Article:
|Matthew Henry's Concise Commentary|
21:5-28 With much curiosity those about Christ ask as to the time when the great desolation should be. He answers with clearness and fulness, as far as was necessary to teach them their duty; for all knowledge is desirable as far as it is in order to practice. Though spiritual judgements are the most common in gospel times, yet God makes use of temporal judgments also. Christ tells them what hard things they should suffer for his name's sake, and encourages them to bear up under their trials, and to go on in their work, notwithstanding the opposition they would meet with. God will stand by you, and own you, and assist you. This was remarkably fulfilled after the pouring out of the Spirit, by whom Christ gave his disciples wisdom and utterance. Though we may be losers for Christ, we shall not, we cannot be losers by him, in the end. It is our duty and interest at all times, especially in perilous, trying times, to secure the safety of our own souls. It is by Christian patience we keep possession of our own souls, and keep out all those impressions which would put us out of temper. We may view the prophecy before us much as those Old Testament prophecies, which, together with their great object, embrace, or glance at some nearer object of importance to the church. Having given an idea of the times for about thirty-eight years next to come, Christ shows what all those things would end in, namely, the destruction of Jerusalem, and the utter dispersion of the Jewish nation; which would be a type and figure of Christ's second coming. The scattered Jews around us preach the truth of Christianity; and prove, that though heaven and earth shall pass away, the words of Jesus shall not pass away. They also remind us to pray for those times when neither the real, nor the spiritual Jerusalem, shall any longer be trodden down by the Gentiles, and when both Jews and Gentiles shall be turned to the Lord. When Christ came to destroy the Jews, he came to redeem the Christians that were persecuted and oppressed by them; and then had the churches rest. When he comes to judge the world, he will redeem all that are his from their troubles. So fully did the Divine judgements come upon the Jews, that their city is set as an example before us, to show that sins will not pass unpunished; and that the terrors of the Lord, and his threatenings against impenitent sinners, will all come to pass, even as his word was true, and his wrath great upon Jerusalem.
Verses 28-36. - Practical teaching arising the foregoing prophecy respecting the Jerusalem and the "last things." Verse 28. - And when these things begin to come to pan, then look up, and lift up your heads; for your redemption draweth nigh. There is no doubt that the first reference in this verse is to the earlier part of the prophecy - the fate of the city and the ruin of the Jewish power. "Your redemption" would then signify "your deliverance from the constant and bitter hostility of the Jewish authority." After A.D. and the fall of Jerusalem, the growth of Christianity was far more rapid than it had been the first thirty or forty years of its It had no longer to cope with the skilfully ordered, relentless opposition of its deadly Jewish foe. Yet between the lines a yet deeper meaning is discernible. In all times the earnest Christian is on the watch for the signs of the advent of his Lord, and the restless watch serves to keep hope alive, for the watcher knows that that advent will be the sure herald of his redemption from all the weariness and painfulness of this life.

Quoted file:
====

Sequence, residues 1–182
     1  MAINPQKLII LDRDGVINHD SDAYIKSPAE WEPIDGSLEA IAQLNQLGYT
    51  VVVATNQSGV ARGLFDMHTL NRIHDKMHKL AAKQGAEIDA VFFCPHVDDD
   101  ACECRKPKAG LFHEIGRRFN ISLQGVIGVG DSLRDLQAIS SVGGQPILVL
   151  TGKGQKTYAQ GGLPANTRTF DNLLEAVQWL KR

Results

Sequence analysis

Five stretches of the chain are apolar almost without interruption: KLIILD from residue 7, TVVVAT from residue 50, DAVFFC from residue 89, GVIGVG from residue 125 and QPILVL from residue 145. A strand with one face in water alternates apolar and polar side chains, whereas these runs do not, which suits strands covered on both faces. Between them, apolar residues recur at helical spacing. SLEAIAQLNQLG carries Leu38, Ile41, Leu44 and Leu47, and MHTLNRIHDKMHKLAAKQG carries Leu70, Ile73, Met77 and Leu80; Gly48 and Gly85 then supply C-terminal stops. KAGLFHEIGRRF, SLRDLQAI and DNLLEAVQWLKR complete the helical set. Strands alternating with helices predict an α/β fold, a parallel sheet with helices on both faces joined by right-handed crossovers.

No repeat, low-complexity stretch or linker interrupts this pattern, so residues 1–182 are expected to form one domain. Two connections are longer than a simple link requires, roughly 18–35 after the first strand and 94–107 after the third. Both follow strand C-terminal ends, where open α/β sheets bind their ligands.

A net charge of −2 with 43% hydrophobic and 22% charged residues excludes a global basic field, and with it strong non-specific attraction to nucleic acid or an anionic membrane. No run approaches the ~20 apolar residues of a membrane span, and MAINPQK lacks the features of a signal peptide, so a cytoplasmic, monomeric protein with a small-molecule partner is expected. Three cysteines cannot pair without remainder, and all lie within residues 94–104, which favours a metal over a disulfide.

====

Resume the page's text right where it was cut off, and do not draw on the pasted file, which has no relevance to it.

Gill's Exposition of the Entire Bible
And when these things begin to come to pass,.... When the first of these signs appears, or any one of them:
then look up and lift up your heads; be cheerful and pleasant; do not hang down your heads as bulrushes, but erect them, and put on a cheerful countenance, and look upwards, from whence your help comes; and look out wistfully and intently, for your salvation and deliverance:
for your redemption draweth nigh; not the redemption of their souls from sin, Satan, the law, the world, death, and hell; for that was to be obtained, and was obtained, before any of these signs took place; nor the redemption of their bodies at the last day, in the resurrection, called the day of redemption; for this respects something that was to be, in the present age and generation; see Luke 21:32 but the deliverance of the apostles and other Christians, from the persecutions of the Jews, which were very violent, and held till these times, and then they were freed from them: or by redemption is meant, the Redeemer, the son of man, who shall now come in power and glory, to destroy the Jews, and deliver his people; and so the Ethiopic version renders it, "for he draws nigh who shall save you".
Jamieson-Fausset-Brown Bible Commentary
28. redemption—from the oppression of ecclesiastical despotism and legal bondage by the total subversion of the Jewish state and the firm establishment of the evangelical kingdom (Lu 21:31). But the words are of far wider and more precious import. Matthew (Mt 24:30) says, "And then shall appear the sign of the Son of man in heaven," evidently something distinct from Himself, mentioned immediately after. What this was intended to mean, interpreters are not agreed. But as before Christ came to destroy Jerusalem, some appalling portents were seen in the air, so before His personal appearing it is likely that something analogous will be witnessed, though of what nature it is vain to conjecture.
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